Everyone knows that feed from haylage and corn silage bunkers will vary in composition from day to day. What is not so clear is the magnitude of this variation, and whether it might be worth it, economically and environmentally, to rebalance dairy rations daily to correct the variation. Providing excess feed likely will mitigate the effects of day-to-day silage variability, but this increases feed costs and is less environmentally acceptable.
Cherney jerry
Jerry Cherney is the E.V. Baker Professor of Agriculture, School of Integrative Plant Science So...
Digman matthew
Assistant Professor – Biological Systems Engineering / University of Wisconsin
Professor / Cornell University Department of Animal Science

Many farms rebalance dairy rations weekly. A few attempt daily rebalancing. A better understanding of day-to-day variability of bunkers within a week is the first step to assess the potential benefits of daily rebalancing of rations. The most practical component to focus on for daily rebalancing is dry matter (DM) concentration; however, DM can be difficult to measure accurately, particularly in mixed haylage.

Measuring DM on the farm

Farms typically do not have a laboratory drying oven, but there are several methods to generate DM values on farm. A Koster moisture tester, a microwave oven, or a kitchen air fryer can be used to accurately determine the moisture in a ~100-gram sample in about 30 minutes or less. All require a small scale to weigh wet and dry forage.

Anyone who has attempted to dry forage in a microwave oven, however, knows how easy it is to char the sample or start a fire. A Koster tester or an air fryer have two main concerns: 1) the time involved to get a result and 2) getting a representative subsample to dry. A 100-gram subsample is very small, decreasing the odds of getting a representative subsample. Adequate subsampling is as critical as the original sampling process.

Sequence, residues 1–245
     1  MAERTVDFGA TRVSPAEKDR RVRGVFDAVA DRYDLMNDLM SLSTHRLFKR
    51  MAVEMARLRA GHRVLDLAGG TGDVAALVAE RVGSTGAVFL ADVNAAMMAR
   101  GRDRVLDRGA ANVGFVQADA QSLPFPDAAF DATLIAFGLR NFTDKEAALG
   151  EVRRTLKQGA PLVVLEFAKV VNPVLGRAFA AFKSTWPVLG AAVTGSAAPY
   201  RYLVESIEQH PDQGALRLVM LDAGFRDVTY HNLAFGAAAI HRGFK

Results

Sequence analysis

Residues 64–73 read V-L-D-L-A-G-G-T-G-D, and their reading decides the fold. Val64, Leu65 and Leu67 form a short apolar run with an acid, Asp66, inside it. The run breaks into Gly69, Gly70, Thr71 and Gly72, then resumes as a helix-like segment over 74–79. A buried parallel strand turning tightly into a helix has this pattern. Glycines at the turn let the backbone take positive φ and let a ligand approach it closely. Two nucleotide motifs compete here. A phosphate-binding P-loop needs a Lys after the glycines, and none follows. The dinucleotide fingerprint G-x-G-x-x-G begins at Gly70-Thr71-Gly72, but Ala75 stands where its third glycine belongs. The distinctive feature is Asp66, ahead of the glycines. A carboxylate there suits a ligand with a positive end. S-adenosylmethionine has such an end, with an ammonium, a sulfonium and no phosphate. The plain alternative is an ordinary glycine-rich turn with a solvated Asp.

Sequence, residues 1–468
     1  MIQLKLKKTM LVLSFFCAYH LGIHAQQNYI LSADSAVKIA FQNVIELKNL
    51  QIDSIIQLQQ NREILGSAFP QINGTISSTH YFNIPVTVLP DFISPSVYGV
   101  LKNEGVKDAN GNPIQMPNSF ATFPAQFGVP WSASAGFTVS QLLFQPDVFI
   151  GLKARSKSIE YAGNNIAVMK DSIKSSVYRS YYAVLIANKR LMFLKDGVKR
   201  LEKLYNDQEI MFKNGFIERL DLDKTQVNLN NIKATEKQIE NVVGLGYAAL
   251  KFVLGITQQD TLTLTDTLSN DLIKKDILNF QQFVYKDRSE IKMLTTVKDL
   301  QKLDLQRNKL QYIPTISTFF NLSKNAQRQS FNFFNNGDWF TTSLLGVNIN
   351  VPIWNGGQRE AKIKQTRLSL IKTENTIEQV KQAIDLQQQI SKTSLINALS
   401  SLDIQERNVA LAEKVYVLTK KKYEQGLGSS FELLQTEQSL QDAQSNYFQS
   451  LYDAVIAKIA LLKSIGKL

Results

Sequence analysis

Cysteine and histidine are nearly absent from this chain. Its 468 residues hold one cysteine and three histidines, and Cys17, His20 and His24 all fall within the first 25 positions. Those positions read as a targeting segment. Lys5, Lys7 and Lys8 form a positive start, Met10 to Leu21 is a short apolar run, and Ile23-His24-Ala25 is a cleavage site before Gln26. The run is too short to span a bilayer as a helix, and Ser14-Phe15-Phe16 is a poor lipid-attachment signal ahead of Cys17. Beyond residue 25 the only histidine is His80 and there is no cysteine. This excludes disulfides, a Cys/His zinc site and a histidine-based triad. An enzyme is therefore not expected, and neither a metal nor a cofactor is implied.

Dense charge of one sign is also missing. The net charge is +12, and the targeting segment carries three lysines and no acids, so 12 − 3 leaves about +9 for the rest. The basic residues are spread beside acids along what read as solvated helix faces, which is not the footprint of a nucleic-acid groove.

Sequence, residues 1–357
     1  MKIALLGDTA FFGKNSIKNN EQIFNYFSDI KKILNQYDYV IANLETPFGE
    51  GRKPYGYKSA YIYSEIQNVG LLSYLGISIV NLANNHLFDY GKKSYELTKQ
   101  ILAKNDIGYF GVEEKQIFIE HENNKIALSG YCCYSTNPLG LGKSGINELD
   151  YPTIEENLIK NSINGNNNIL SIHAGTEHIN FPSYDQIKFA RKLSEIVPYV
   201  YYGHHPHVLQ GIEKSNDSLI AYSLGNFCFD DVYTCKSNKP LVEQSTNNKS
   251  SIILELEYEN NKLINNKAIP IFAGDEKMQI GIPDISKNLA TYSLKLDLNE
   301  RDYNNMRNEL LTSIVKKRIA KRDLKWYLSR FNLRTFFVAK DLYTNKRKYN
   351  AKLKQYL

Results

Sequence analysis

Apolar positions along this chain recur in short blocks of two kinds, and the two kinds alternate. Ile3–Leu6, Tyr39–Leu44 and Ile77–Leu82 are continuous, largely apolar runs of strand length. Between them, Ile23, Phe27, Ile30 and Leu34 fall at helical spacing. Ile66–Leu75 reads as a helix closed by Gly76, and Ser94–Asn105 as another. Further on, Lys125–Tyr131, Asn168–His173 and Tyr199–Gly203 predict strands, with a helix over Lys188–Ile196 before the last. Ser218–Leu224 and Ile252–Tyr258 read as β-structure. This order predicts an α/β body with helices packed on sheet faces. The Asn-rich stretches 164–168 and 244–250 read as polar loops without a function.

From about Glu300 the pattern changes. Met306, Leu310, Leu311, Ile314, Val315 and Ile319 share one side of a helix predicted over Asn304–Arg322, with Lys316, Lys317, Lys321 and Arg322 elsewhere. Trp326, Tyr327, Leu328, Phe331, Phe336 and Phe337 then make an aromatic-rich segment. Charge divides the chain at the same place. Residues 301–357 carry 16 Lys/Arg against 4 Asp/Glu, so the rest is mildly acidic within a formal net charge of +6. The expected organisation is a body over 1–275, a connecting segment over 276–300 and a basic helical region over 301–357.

Silage variability in bunkers

Every measurement has inherent error. Even a simple tape measure has error associated with readability. If you are to employ a measurement technique to manage on-farm variability, the first step is to understand how that variability compares to the measurement error. What we are looking for is a high variability in the measured parameter and a relatively low measurement error. Consequently, we needed to first assess the variation due to sampling and analysis (measurement error) before we can effectively evaluate the actual day-to-day variation in bunkers.


Sampling bunkers

We collected corn silage and alfalfa-grass haylage samples daily from seven dairy farms in central and western N.Y. during the winter of 2019 to 2020, with a total of 24 weeks of haylage and 22 weeks of corn silage, sampled daily. Grass percent in mixed alfalfa-grass haylage from farm to farm ranged from 10 percent to 90 percent. Size of silage bunkers ranged from 40 to 110 feet wide with silage stacked 10 to 30 feet high.

Farm crews daily defaced bunkers, and samples were collected from eight to 10 different spots in the pile across the bunker width soon after defacing, avoiding approximately 6 feet on the ends of the bunkers. An O-ring sealed plastic bucket was filled with silage (about 8 to 10 lbs.). Samples were either processed daily immediately after collection, or they were kept at low temperature in sealed buckets until processed. A good representative sample collected from bunkers tends to be too large to process for analysis, such that subsampling of the larger sample is required.

To estimate the variability in sampling and analysis, we collected multiple samples and used multiple subsampling of those samples on several farms. All samples were evaluated for DM in duplicate, and all laboratory analyses were performed in duplicate. This study was recently published in the Journal of Applied Animal Science. For additional details of the study, please refer to this journal.